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Report Contains New Indictments of Israel’s Lack of Preparedness on the Eve of the Yom Kippur War

May 2, 1974
See Original Daily Bulletin From This Date

The 24th annual report of the State Comptroller, Dr. Yitzhak Nebenzahl, released here yesterday, contains severe new indictments of Israel’s lack of preparedness on the eve of the Yom Kippur War. The section of the report dealing with the military, noted serious deficiencies in the repair and maintenance of tanks, half-tracks, troop carriers and other armored vehicles. The report bears out the criticism by many individual soldiers that the equipment handed them when war broke out was in poor condition and often unserviceable. Dr. Nebenzahl is a member of the Agranat Committee investigating the Yom Kippur War.

The committee’s preliminary report covering the period immediately before the outbreak of war blamed Israel’s lack of preparedness mainly on the military high command and forced the resignation of Chief of Staff Gen. David Elazar. The committee is expected to complete its report covering the conduct of the war some time next fall.

Dr. Nebenzahl acknowledged his conflicting roles when he offered yesterday to resign from the Agranat Committee. He noted that as State Comptroller his duty is to expose shortcomings, including those in the defense network, and as an Agranat Committee member he is one of a panel of five who must determine who is responsible for the self-same shortcomings.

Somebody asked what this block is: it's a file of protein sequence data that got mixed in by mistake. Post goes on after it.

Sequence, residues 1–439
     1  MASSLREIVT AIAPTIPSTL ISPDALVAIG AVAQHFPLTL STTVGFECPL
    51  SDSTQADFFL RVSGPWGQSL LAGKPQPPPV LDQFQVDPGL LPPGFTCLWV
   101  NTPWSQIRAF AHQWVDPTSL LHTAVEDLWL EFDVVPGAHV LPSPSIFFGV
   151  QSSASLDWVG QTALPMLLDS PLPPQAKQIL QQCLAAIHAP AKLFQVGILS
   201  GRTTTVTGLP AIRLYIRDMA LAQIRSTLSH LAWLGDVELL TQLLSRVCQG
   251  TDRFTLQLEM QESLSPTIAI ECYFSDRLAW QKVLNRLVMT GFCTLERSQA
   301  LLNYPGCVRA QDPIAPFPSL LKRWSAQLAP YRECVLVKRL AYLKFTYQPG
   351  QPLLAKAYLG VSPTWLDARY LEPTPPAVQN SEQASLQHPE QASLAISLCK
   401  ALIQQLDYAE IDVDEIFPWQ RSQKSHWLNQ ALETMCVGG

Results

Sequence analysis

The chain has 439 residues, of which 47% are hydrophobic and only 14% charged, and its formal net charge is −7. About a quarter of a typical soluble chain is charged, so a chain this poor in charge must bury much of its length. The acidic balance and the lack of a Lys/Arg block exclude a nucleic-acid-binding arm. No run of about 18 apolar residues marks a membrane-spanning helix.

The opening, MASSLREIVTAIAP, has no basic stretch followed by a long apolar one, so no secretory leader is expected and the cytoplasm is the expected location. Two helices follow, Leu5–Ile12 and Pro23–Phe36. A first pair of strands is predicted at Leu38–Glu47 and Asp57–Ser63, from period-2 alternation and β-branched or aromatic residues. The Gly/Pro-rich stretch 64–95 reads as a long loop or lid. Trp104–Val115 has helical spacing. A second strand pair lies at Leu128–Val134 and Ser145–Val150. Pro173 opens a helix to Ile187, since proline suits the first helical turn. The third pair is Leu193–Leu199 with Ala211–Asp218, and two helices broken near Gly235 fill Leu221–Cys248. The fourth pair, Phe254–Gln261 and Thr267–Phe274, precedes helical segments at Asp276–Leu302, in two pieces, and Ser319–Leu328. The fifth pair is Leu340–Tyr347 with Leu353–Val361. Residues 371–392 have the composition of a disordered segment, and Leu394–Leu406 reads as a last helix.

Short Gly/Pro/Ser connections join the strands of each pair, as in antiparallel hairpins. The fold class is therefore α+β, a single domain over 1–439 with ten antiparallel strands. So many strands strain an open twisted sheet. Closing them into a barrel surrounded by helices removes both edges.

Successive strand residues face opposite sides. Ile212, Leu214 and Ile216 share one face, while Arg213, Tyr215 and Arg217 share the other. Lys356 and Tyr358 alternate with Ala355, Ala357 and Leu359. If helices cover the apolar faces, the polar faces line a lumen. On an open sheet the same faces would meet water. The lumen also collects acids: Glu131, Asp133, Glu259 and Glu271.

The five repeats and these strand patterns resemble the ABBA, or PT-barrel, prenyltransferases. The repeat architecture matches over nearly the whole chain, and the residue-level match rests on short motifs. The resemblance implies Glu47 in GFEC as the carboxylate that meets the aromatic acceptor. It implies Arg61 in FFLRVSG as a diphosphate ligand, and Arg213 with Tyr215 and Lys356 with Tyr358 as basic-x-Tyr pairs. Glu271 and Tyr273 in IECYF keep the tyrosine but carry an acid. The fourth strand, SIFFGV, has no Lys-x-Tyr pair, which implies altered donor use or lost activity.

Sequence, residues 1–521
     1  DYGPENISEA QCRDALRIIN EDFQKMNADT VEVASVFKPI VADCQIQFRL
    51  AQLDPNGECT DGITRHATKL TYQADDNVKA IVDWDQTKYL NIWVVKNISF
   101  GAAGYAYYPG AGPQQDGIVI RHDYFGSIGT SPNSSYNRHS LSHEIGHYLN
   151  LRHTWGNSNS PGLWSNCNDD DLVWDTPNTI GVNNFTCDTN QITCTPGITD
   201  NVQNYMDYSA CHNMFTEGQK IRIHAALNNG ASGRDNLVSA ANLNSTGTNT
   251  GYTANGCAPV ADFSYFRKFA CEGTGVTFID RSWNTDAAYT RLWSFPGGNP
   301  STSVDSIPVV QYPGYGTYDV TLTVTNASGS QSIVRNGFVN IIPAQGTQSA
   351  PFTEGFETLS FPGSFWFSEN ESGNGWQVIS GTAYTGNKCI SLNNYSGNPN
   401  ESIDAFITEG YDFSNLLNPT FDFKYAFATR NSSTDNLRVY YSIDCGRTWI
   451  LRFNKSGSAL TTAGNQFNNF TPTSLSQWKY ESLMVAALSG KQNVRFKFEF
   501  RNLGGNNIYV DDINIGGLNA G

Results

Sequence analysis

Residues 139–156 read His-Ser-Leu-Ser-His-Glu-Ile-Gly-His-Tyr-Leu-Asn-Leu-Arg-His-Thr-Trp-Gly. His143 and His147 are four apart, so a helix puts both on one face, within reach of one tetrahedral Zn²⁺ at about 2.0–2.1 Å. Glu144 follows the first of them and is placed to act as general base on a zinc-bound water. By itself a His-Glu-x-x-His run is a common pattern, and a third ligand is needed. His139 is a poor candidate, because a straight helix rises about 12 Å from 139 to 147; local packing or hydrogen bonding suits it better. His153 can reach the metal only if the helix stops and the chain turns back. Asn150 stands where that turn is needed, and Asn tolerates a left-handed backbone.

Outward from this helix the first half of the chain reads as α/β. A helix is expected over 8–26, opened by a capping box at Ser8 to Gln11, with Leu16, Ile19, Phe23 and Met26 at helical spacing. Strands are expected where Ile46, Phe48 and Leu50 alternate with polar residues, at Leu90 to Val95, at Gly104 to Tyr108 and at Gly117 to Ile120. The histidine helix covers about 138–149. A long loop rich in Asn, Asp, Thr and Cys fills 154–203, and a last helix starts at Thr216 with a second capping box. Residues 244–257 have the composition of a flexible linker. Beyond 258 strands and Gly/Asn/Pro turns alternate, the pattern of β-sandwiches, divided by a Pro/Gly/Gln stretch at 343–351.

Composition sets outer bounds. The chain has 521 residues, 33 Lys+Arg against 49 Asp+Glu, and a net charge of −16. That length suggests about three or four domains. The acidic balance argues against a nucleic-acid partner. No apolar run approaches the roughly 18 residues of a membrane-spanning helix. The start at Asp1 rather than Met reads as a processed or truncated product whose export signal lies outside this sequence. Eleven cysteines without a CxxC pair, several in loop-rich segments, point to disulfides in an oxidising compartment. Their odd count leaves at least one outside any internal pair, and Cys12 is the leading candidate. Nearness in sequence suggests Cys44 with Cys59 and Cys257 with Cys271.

The section of the Comptroller’s report dealing with the armed forces stated that scores of half-tracks and armored vehicles had not been inspected for 3-5 years when the Yom Kippur War started, periods much longer than specified in military regulations. The report found serious delays in the periodic testing and maintenance of tanks and a disproportionately high incidence of malfunction of tank and half-track engines that had been overhauled.

A chapter of the report dealing with the emergency storage of tanks and other vehicles found that while regional workshops kept up the maintenance of equipment belonging to units within that region, they neglected to maintain or inspect the equipment of other regional commands stored in the same region.

The bulk of the Comptroller’s report dealt with the financial problems of the various government ministries, irregularities, over runnings of budgets and incorrect handling of tenders to contractors. The Comptroller found that agreements between the government and financial bodies–mainly mortgage banks–provided excessive income to the banks and higher interest rates for the public. Dr. Nebenzahl urged the government to close the large gap between wages paid to civil servants and those paid on the free market.

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